What Would Happen If I Used Vinegar To Lower Ph? - Swimming Pool Water Chemistry - Pool and Spa Forum

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What Would Happen If I Used Vinegar To Lower Ph?


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#1 ClearWater

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Posted 30 July 2007 - 09:32 PM

My pH is around 8 and I am battling algae. So far the water isn't slimy, but it is looking rather green-gray. I have dry acid but I hate to use it. I was trying to think about what else could lower the pH and my husband suggested white vinegar.

We have an Intex 16'x4' agp. I have been shocking with bleach and using the cheesy garden-hose vaccuum to try to get up what is on the bottom of the pool. (I ordered the filter vac but it hasn't come yet...).

What do you think would happen if I did use white vinegar to lower the pH?


Thanks for considering the question.

Tracy

#2 waterbear

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Posted 30 July 2007 - 10:09 PM

vinegar is what is known chemically as a 'weak' acid'. It is actually a 5% solution of acetic acid so it is really very dilute. It will add acetates to the water and create a secondary buffer system in the water that would not be desirable. Dry acid (sodium bisulfate) forms sulfuric acid when dissolved in water and that is chemically a 'strong acid' . If you don't like using it there is always muriatic acid which is, IMHO, a better choice.
Save the vinegar for making pickles!
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#3 ClearWater

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Posted 31 July 2007 - 12:44 PM

Thanks for the thoughts. Since I have dry acid, I guess I'll use it.

I raised the chlorine to about 12 ppm last night and at noon today the reading was .5. Is that normal?

Tracy
QUOTE(waterbear @ Jul 30 2007, 11:09 PM) View Post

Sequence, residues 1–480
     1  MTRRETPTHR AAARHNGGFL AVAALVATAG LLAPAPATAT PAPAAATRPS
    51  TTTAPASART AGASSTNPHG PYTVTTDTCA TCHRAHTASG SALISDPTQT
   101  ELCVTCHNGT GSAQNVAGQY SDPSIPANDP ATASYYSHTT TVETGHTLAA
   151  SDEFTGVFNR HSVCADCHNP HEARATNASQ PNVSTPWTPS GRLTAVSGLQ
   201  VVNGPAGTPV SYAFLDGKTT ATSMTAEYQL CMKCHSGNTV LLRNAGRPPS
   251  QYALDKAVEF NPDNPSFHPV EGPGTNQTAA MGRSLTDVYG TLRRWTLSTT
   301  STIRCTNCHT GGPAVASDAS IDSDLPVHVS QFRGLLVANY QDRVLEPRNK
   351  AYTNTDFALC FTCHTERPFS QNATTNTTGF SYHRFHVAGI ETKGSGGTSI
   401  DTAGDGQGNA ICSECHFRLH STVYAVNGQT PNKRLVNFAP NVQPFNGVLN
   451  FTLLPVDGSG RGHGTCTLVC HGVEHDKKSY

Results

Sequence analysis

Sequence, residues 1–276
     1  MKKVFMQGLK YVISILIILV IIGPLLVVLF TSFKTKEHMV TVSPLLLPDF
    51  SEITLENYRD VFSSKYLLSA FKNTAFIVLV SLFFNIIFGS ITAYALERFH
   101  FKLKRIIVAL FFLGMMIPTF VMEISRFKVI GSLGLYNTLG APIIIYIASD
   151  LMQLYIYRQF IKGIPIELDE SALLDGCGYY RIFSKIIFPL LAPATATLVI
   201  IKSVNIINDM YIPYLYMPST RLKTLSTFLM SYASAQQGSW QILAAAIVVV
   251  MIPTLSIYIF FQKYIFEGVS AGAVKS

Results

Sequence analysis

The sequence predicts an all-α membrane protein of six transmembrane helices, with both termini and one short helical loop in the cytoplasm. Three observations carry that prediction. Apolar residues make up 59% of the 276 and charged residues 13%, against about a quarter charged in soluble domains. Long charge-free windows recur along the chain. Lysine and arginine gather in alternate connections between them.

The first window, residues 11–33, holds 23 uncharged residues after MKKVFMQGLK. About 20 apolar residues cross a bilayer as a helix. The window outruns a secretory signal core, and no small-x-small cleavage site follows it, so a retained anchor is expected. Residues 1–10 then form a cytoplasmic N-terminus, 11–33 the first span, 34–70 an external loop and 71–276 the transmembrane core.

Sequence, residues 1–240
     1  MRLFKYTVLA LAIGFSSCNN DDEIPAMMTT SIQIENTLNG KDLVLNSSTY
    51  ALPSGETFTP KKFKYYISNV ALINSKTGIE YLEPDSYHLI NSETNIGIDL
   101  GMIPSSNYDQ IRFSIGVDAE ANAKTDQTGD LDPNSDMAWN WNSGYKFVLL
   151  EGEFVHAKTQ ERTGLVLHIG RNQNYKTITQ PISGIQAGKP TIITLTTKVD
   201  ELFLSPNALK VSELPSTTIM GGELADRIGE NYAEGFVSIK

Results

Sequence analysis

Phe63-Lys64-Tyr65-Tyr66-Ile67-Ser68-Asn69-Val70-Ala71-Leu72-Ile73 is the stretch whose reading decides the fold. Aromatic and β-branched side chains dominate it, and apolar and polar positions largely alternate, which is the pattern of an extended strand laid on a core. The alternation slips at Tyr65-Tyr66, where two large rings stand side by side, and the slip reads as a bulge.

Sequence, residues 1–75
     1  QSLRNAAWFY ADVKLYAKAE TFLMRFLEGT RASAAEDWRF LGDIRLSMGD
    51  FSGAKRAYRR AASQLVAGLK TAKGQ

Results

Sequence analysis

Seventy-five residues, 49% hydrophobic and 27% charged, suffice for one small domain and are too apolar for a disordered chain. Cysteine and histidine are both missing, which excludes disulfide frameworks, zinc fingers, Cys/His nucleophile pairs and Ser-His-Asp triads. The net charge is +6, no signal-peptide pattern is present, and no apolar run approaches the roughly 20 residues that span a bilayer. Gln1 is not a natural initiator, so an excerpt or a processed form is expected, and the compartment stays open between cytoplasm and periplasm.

vinegar is what is known chemically as a 'weak' acid'. It is actually a 5% solution of acetic acid so it is really very dilute. It will add acetates to the water and create a secondary buffer system in the water that would not be desirable. Dry acid (sodium bisulfate) forms sulfuric acid when dissolved in water and that is chemically a 'strong acid' . If you don't like using it there is always muriatic acid which is, IMHO, a better choice.
Save the vinegar for making pickles!



#4 waterbear

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Posted 31 July 2007 - 03:34 PM

IF you are fighting algae the algae will consume the chlorine quickly. To kill the algae you need to add chlorine several times a day to maintain the free chlorine level. When your free chlorine is holding overnight you are done.
I've tested more water than I ever care to think about!
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#5 ClearWater

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Posted 31 July 2007 - 10:27 PM

Thanks, Waterbear. Will do.

Tracy
QUOTE(waterbear @ Jul 31 2007, 04:34 PM) View Post
IF you are fighting algae the algae will consume the chlorine quickly. To kill the algae you need to add chlorine several times a day to maintain the free chlorine level. When your free chlorine is holding overnight you are done.






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